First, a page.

Sunday, June 5, 2011

Apologizes to the Canvas-Eyed Student

To The Canvas-eyed Student:
            A few months ago, while teaching your class, I turned from the white board and faced the class to quickly check for understanding. As our eyes met, failure and ill-preparedness washed over me as I saw your wide blinking eyes gaze at me like an untouched canvas.
            As a teacher, the situation portrayed above leaves a haunting experience in my own mind. The previous glimpse depicts one of my first interactions teaching your class. As you may assume, the lesson I taught did not smoothly rest in your mind, and I’m sure other students felt the same. 
            Nevertheless, to you, the canvas-eyed student, I am sorry: I’m sorry for my pedagogical arrogance; I’m sorry for my poor delivery; I’m sorry for rushing through the lesson and not taking the time to clear your confusion…
            I could continue apologizing for my pedagogical errors; however, where would that get me? I would still be the same teacher on that same day teaching another lesson the same way. I could also make excuses for my failure; for instance, the inadequate instruction I received at my university, but yet again, where would that get me?
            The way I see it, two options stand before me: give up on the education profession, or try my damnedest to become that effective teacher you, and every other student, needs. I, with all my effort, choose the latter. Throughout my instruction and experience, I have heard that individuals striving to become teachers, and even teachers in their 1st to 3rd year of teaching, WILL experience failure, unpreparedness, and any other haunting horrid feeling that comes with the territory; however, hearing the deemphasization of those feeling will never truly settle with me.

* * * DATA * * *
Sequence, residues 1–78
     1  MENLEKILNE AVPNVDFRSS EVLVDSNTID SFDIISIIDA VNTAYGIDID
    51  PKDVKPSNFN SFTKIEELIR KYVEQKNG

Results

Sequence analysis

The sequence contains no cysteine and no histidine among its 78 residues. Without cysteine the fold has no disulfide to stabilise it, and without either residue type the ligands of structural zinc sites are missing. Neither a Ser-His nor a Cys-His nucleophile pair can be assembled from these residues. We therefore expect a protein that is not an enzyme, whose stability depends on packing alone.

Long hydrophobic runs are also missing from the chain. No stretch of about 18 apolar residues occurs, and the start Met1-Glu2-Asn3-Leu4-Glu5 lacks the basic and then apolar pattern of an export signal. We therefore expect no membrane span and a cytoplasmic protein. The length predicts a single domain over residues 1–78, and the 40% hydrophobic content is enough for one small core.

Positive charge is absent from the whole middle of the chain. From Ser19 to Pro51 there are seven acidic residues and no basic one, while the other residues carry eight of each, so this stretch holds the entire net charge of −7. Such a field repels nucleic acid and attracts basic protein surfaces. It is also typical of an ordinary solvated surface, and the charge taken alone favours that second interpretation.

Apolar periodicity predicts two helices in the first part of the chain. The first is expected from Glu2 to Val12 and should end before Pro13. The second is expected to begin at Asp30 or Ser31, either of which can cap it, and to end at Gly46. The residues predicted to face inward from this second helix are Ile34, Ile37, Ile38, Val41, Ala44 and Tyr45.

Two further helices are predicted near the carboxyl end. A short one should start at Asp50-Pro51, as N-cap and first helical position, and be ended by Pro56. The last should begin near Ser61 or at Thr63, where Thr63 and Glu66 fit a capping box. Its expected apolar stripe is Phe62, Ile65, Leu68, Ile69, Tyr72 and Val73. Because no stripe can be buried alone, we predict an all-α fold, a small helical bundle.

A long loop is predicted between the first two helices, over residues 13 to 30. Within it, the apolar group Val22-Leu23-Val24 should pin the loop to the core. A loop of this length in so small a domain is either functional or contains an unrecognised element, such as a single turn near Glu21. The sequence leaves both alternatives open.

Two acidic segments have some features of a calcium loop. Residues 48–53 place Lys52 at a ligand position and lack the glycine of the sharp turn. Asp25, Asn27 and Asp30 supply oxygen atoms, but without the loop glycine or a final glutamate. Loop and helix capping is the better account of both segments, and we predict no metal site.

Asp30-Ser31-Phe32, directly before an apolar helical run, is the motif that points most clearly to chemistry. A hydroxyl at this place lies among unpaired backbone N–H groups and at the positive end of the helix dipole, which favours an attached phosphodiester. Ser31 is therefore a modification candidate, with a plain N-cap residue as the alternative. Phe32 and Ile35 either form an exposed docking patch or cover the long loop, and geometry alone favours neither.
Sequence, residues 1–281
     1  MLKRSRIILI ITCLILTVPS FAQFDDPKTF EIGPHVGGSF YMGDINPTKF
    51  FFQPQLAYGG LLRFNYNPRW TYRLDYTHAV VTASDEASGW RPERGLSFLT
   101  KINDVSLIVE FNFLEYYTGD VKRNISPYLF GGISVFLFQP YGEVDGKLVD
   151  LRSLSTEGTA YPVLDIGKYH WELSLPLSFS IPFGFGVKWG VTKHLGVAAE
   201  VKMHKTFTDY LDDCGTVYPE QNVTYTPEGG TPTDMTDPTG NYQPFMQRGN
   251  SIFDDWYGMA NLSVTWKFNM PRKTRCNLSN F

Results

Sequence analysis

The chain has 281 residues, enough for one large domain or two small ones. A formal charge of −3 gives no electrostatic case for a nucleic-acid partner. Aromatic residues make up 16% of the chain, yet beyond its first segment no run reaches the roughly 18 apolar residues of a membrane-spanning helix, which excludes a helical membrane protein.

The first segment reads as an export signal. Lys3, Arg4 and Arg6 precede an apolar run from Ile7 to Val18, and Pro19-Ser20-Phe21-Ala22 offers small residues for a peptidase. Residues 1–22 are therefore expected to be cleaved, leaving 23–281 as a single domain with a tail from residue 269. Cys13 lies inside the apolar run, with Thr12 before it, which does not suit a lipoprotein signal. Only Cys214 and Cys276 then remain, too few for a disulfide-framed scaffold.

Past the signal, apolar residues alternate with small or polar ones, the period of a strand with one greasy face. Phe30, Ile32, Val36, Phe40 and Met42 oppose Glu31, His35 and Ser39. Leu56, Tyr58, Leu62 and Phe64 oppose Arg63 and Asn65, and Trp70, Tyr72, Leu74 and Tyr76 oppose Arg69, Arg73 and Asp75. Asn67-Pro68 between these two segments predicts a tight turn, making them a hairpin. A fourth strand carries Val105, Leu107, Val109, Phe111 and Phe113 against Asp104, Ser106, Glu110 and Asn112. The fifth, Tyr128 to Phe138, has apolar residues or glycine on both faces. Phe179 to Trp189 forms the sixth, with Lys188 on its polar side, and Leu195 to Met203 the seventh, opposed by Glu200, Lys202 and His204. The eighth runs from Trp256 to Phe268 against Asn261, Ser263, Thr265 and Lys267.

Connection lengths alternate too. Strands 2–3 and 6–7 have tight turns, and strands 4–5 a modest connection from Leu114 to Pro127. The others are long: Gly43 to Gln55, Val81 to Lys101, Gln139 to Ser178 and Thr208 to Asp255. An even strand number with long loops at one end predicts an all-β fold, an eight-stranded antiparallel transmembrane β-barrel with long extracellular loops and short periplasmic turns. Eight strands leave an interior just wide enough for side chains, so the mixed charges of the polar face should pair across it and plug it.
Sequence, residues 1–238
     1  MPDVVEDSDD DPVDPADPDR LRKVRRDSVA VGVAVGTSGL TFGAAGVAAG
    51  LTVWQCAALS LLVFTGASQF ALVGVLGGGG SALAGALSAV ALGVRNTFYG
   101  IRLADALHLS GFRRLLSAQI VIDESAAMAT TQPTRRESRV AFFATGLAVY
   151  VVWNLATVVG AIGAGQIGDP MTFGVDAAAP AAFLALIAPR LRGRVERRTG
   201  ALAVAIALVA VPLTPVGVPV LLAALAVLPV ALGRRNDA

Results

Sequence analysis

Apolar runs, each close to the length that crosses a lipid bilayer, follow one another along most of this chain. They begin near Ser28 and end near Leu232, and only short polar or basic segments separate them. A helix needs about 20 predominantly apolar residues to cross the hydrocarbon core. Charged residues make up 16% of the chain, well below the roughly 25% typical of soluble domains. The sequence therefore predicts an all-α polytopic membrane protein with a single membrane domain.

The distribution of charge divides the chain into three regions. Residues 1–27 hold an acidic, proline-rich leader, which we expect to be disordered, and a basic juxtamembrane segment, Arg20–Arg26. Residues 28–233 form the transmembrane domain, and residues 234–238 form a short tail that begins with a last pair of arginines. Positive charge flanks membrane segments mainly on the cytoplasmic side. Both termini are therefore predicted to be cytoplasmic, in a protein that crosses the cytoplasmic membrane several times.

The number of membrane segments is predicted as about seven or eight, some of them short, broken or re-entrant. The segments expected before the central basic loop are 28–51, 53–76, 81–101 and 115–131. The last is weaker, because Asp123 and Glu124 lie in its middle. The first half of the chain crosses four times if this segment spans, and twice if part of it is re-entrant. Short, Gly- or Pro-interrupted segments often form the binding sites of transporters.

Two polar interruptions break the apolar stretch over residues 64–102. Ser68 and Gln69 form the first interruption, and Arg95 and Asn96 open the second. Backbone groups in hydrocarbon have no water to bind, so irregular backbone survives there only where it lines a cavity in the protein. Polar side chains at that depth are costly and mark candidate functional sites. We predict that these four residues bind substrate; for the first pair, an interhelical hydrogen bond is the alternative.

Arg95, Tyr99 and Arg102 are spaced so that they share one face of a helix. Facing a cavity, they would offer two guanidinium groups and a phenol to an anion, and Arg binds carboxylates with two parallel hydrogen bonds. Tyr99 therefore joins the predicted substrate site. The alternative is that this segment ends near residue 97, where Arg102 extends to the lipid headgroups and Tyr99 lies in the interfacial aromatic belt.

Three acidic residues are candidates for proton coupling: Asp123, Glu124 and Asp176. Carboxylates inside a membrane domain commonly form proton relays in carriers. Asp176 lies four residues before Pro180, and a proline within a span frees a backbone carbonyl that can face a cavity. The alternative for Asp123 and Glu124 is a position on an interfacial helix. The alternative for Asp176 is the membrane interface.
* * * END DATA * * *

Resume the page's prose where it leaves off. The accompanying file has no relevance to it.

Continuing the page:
So, to the wide canvas-eyed student, I will stop apologizing for my pedagogical errors and/or failures, and start making promises. Promises that I will continuously try to better my practice and become the effective teacher students like you need.

With determining promises,
~A. Athas

1 comment:

  1. I love that you turned an apology into a promise. This is what they want us to do -- take our practice teaching and learn from it. We are supposed to get these initial kinks worked out before we get our own classroom, though not all of them will be resolved. I'm glad you took this as a learning experience.